What worked for the Tigers? Persistence, poise and, most of all, 3rd-down defense

Tigers pound away with the run, win special teams game, match-and-better physical VT up front

Clemson linebacker Jonathan Willard (46) tackles Virginia Tech running back David Wilson (4).

Photo by Ken Ruinard

Clemson linebacker Jonathan Willard (46) tackles Virginia Tech running back David Wilson (4).

What Worked For the Tigers…

Neither Kevin Steele nor Chad Morris was claiming perfection, but without question, Clemson's 23-3 victory over Virginia Tech Saturday night was a whole-team, complete game affair. Let's take a look at some of the things the Tigers made work in their favor against the Hokies:

Persistence: For the second straight game, the Tigers averaged less than three yards per rushing attempt. For the second straight game, they kept at it with dogged persistence. And for the second straight game, the running game set the stage for a big-play passing game that provided the punch for a victory over a top 15 opponent. The Tigers did more on the ground than set the stage, of course. Andre Ellington hammered the ball into the end zone for the Tigers’ go-ahead touchdown, and Mike Bellamy gave the lunch bucket a resounding kick with a clinching touchdown burst. And Tajh Boyd showed that he ran impact the game with his legs – either on scrambles or designed keepers.

Toughness in the trenches: The Tigers went to toe-to-toe with one of the nation’s most physical teams and won its share, and more, of the battles up front. Throughout the game, Clemson dared to run into the teeth of Tech’s defensive front in short-yardage situations, and in most cases, they got the yardage they were looking for. Meanwhile, the Tigers’ defensive front four battled the Hokies’ own persistent running game and created game-long pressure when Virginia Tech faced pacing situations. Malliciah Goodman spent the first half in the Hokie backfield, and by the end, Andre Branch was whipping his blocker at will.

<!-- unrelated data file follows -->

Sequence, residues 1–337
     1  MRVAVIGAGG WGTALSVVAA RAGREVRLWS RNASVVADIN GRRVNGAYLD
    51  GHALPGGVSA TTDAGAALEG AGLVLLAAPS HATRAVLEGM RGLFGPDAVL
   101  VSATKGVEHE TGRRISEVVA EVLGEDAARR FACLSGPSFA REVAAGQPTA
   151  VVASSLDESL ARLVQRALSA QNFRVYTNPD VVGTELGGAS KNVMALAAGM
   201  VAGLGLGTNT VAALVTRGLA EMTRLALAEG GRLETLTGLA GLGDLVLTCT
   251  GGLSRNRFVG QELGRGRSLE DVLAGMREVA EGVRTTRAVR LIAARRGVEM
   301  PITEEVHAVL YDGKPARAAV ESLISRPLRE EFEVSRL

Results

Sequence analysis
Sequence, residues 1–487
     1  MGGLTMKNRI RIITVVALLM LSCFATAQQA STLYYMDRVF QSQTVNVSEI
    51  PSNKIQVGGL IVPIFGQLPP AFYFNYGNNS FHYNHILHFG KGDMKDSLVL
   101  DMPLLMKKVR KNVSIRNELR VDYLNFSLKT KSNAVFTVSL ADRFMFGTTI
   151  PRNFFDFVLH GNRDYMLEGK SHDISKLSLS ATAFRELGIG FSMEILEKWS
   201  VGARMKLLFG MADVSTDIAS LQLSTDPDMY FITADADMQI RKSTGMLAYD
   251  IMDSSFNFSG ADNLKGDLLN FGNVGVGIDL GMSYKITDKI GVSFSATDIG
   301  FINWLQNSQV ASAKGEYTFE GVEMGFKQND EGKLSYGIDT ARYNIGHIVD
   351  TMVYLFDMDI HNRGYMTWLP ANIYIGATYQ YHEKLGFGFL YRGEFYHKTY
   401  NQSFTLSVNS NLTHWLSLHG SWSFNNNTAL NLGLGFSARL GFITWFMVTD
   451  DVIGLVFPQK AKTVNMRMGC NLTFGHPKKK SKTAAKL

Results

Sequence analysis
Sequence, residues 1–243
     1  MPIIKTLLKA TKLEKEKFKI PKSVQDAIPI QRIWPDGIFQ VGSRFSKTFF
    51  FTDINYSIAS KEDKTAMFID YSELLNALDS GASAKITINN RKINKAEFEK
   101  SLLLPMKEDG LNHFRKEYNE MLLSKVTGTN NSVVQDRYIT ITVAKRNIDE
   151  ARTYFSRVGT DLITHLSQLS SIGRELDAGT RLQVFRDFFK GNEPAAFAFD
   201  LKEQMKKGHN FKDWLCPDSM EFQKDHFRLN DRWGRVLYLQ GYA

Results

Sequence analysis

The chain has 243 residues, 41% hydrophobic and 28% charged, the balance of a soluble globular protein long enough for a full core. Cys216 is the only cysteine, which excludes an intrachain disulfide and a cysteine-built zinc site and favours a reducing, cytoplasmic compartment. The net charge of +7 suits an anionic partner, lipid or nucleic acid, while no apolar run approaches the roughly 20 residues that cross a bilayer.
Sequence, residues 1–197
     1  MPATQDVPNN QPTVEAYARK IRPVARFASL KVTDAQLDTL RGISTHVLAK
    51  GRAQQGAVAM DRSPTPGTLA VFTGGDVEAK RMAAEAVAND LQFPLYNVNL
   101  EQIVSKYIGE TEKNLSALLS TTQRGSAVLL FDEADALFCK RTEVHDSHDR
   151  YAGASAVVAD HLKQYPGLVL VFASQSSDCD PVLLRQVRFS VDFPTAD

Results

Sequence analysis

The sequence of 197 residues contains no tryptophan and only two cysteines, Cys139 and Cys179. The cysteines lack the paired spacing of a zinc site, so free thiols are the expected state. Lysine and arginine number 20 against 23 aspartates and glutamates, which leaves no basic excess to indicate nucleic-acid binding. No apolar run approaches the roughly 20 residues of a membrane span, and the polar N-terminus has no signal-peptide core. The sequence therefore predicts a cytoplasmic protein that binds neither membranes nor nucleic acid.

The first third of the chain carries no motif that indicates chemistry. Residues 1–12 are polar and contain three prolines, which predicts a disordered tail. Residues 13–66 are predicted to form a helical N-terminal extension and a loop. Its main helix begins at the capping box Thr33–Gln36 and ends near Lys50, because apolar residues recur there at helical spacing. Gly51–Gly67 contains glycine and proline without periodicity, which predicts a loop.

Andre Branch: Speaking of the Tigers’ senior defensive end – what a homecoming. He carried the captain’s banner into the game, and he played like he was determined to do his share and more. After a rough start – a holding penalty on a fumble recovery return and an iffy late-hit personal foul call on the sideline - he settled in and eventually took over the game. One of his defining moments came when, on the play after David Wilson had reversed field and turned a seemingly certain double-digit loss into a 20-yard gain, he slammed Josh Oglesby down for a one-yard loss and signaled that the Tigers had moved on to their next order of business. He followed with a second-down stop and then a third-down sack to force a punt. Branch finished things off with pair of sacks of Logan Thomas that officially put the Tigers in celebration mode.